California Genealogy and History Archives
|John Henry Jacobsen
The agricultural development of Sonoma county owes much to the industry and thrift of our German-American citizens, who, trained to habits of frugality in their native land, have been admirably qualified to endure the hardships incident to the material progress of any region and have proved their worth as capable ranchmen in many a difficult situation. Alone, friendless and without capital, Mr. Jacobsen came to the United States in young manhood, seeking opportunities which he believed would be greater than those offered by his own country. From that position of poverty and dependence he has risen, solely through his own efforts, to an honored place in his community and an influential standing as a farmer. The property which he now owns and occupies consists of one hundred and thirty-five acres on Dry creek near Healdsburg. Thirty-five acres are in bottom land, twenty acres have been planted to prunes of the choicest varieties, almost four acres are in apples and an equal acreage in peaches, the balance of the ranch being in wood land with valuable timber that adds to the financial rating of the property.
Born in Germany in 1846, John Henry Jacobsen is the son of parents who spent their entire lives in that country and who gave to him such advantages as their limited means allowed. When barely twenty-three years of age he bade farewell to old friends and kindred and started alone on the long voyage to the new world. The ship on which he sailed cast anchor in Boston, and from that city he proceeded to New York, thence to New Jersey and secured employment as a laborer. Six months of drudgery convinced him that conditions were not favorable in the east, and thereupon he came to the Pacific coast, landing at San Francisco in 1869, and securing prompt employment in a dairy. Next he worked on a ranch and later bought a way-station in Santa Cruz mountains, where for six months he cared for stage horses. At the expiration of that time he bought a place, where he remained for a year. The sheep industry next engaged his attention, and for fifteen years he maintained a growing and profitable drove. After a visit back at the old home in 1888 he removed from Porterville to Windsor, Sonoma county, where he bought one hundred and sixty acres for $8,000. Twenty years were spent on the ranch, and he then sold out for $16,000, after which he purchased the tract he now owns and operates.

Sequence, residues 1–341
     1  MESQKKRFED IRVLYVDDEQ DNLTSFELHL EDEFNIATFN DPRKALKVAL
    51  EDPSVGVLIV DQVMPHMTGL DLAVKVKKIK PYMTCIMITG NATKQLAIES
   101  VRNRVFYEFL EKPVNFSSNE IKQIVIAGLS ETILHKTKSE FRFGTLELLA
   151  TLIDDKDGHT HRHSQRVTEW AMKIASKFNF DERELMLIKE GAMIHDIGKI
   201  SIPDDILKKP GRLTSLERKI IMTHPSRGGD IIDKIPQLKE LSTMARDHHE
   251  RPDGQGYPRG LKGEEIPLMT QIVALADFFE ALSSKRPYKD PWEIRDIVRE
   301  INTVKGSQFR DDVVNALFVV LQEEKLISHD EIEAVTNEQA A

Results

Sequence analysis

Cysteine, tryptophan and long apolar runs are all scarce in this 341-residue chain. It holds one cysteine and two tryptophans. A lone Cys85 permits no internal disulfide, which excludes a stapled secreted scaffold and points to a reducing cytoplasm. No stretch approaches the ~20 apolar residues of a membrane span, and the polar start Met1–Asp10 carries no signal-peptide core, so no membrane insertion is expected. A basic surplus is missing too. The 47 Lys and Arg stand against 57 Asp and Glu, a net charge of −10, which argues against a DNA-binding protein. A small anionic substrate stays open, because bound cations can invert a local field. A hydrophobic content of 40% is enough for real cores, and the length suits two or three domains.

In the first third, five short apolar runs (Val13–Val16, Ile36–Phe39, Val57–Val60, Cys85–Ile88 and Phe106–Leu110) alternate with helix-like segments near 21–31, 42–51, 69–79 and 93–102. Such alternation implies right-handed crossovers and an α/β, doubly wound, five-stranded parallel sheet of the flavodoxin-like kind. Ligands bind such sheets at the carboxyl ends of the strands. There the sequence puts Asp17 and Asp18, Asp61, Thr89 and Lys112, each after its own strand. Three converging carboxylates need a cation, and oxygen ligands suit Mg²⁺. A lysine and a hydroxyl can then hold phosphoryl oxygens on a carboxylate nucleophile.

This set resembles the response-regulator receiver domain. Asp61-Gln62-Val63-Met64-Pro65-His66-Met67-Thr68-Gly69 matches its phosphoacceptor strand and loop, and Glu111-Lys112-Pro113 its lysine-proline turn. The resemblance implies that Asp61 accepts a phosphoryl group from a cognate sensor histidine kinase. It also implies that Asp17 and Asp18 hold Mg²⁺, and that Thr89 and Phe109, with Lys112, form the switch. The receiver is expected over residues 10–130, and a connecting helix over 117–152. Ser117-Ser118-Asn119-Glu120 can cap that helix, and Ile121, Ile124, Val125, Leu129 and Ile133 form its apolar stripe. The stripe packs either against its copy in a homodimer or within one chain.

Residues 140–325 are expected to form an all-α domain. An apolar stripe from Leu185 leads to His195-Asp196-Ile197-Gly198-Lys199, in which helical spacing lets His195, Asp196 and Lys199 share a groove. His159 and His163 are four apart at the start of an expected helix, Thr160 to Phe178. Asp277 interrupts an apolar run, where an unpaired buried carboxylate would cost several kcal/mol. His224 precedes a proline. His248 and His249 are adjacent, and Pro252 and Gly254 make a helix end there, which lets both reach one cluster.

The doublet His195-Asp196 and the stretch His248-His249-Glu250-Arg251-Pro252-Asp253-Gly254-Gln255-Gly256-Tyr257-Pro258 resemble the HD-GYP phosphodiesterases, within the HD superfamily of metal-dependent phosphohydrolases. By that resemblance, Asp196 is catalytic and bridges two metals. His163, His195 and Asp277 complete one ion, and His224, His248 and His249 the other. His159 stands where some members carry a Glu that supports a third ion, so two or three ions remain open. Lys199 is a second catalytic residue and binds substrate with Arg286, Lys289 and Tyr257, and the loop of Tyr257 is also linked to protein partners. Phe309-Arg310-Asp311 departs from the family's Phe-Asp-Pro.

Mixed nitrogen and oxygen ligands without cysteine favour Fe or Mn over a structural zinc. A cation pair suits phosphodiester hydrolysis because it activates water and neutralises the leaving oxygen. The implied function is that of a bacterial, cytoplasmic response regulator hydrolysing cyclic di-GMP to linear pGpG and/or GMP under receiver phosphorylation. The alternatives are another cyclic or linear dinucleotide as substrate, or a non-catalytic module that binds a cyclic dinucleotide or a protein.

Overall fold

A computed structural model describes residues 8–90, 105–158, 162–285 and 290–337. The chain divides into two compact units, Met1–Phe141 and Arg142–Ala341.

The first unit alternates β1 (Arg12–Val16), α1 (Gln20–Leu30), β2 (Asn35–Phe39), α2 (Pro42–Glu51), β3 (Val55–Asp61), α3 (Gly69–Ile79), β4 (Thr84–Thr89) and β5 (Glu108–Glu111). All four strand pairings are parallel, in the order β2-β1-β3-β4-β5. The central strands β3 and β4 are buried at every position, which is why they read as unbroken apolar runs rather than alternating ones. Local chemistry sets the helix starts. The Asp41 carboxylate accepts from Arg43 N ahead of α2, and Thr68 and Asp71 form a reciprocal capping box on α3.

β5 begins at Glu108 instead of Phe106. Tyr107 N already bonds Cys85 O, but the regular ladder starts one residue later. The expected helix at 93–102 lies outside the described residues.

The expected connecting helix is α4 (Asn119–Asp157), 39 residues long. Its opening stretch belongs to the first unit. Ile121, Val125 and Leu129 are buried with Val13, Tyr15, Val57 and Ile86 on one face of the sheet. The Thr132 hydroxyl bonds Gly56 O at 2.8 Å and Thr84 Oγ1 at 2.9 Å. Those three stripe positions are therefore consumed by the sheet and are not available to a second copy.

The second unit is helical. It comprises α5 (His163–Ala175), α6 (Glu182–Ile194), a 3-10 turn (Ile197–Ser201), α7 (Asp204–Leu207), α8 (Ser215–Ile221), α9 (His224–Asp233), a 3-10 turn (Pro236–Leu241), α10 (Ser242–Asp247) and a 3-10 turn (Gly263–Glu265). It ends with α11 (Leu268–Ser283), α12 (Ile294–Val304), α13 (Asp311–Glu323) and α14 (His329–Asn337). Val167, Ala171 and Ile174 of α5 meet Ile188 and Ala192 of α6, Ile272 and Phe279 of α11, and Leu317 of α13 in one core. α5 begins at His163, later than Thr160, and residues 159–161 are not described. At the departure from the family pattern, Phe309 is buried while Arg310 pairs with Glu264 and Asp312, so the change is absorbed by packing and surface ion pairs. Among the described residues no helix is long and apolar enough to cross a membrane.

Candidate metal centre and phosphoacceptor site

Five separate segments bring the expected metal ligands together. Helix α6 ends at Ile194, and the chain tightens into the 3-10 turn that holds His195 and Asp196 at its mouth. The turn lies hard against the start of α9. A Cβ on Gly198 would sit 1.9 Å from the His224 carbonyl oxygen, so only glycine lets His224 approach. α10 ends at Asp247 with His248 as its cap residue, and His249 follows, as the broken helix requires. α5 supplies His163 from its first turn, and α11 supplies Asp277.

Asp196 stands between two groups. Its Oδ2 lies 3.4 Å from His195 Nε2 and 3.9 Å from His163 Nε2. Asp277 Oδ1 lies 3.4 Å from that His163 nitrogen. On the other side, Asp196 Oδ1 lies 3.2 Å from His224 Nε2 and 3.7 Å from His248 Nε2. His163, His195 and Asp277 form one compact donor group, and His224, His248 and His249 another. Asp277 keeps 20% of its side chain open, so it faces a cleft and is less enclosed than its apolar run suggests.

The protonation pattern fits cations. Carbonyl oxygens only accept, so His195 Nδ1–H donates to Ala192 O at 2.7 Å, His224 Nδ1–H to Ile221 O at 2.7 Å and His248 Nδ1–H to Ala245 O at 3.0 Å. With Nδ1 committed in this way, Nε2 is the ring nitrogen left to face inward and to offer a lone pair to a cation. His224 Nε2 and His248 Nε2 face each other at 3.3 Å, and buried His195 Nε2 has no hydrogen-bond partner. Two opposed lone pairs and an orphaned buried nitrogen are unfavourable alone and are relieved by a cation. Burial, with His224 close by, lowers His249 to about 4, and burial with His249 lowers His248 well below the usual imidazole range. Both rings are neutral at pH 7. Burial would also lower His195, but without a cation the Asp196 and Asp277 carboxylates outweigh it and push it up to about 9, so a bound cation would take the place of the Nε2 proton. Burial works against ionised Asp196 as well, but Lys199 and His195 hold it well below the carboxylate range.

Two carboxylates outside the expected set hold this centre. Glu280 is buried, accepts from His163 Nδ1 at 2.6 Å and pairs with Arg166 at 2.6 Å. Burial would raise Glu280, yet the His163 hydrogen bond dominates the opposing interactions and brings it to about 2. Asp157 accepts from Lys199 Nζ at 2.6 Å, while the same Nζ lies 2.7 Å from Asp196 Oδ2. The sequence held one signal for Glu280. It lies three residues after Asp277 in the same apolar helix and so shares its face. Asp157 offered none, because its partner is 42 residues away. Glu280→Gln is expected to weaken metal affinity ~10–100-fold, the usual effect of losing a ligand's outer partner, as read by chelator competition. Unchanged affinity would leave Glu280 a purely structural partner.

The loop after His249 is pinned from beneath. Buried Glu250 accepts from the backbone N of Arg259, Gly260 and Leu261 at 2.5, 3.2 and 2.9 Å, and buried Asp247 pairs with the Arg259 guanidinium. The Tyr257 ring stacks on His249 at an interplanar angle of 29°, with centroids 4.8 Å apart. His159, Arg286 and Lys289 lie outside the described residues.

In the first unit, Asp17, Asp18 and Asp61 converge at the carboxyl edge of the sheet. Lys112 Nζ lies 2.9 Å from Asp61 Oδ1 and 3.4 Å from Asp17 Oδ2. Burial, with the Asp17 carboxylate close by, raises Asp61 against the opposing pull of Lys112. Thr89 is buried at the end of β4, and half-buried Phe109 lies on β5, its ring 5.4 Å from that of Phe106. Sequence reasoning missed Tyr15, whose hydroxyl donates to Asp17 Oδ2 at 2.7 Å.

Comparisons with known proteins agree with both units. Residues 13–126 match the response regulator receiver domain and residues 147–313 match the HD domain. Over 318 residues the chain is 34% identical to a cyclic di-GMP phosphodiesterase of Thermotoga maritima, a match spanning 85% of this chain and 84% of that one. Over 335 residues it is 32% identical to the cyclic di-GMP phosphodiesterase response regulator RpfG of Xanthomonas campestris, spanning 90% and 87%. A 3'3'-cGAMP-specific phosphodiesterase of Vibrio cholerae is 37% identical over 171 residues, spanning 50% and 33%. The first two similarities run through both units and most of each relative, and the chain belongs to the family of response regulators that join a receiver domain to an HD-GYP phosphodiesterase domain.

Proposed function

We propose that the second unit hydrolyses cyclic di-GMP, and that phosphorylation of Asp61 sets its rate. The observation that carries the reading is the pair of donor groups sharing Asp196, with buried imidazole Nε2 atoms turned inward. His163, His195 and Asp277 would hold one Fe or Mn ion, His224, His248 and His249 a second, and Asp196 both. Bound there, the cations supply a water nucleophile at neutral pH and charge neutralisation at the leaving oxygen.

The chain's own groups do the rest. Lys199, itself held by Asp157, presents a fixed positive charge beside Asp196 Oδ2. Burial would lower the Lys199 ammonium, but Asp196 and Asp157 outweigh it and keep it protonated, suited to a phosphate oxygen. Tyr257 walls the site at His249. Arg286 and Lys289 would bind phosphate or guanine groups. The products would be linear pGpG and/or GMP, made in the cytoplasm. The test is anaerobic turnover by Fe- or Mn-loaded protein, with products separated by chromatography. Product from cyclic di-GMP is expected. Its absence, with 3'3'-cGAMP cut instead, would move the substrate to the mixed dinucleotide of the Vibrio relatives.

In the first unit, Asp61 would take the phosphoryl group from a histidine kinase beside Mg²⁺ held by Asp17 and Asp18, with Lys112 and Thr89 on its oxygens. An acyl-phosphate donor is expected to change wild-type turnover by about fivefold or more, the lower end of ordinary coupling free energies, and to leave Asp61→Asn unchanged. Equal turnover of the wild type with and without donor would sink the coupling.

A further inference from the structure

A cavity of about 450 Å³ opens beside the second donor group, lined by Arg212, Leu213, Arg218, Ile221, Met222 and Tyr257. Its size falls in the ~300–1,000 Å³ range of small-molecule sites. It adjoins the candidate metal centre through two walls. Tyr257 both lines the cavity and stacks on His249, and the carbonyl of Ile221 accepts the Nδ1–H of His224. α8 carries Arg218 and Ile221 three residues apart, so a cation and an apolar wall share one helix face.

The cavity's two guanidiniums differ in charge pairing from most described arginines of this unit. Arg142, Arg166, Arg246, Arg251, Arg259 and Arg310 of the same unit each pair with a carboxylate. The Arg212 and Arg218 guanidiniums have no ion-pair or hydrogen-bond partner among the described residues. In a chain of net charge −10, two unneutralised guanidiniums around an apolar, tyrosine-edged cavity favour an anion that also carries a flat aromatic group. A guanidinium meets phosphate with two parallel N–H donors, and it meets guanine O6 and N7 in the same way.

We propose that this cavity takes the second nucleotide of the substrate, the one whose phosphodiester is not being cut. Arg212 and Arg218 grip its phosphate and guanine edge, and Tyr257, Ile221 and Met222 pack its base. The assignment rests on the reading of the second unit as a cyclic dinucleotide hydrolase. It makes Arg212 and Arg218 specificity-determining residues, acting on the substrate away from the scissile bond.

It was not until 1894 that Mr. Jacobsen established domestic ties. During that year he married Miss Freda Michel, a native of Switzerland. They are the parents of six bright, active sons, named as follows: Henry George, born in 1895; Frederick, 1896; Paul Sebastian, 1898; William McKinley, 1900; Teddy Roosevelt, November 7, 1903; and Christian Peter, 1907. Ever since becoming a naturalized citizen of the United States and a voter at elections Mr. Jacobsen has supported Republican principles with all the enthusiasm of his nature. Official honors he does not solicit, and the only position he has held is that of deputy assessor. Active in a number of fraternities, he has been identified for years with the blue lodge of Masonry, having been made a member in Russian River Lodge, F. & A. M., at Windsor, besides which he is identified with Osceola Lodge, I. O. O. F., at Windsor and the encampment at Santa Rosa. For more that forty years he has witnessed the growth of California, and to it he has contributed his quota. With a clear and lasting memory of pioneer events, he often interests friends by relating incidents connected with the era of early settlement. These forty years have brought him a large degree of success and a large circle of friends, and they have witnessed the evolution of the country from frontier conditions to an environment of scenic beauty, material prosperity and contented population.
Transcribed by Peggy Hooper 2011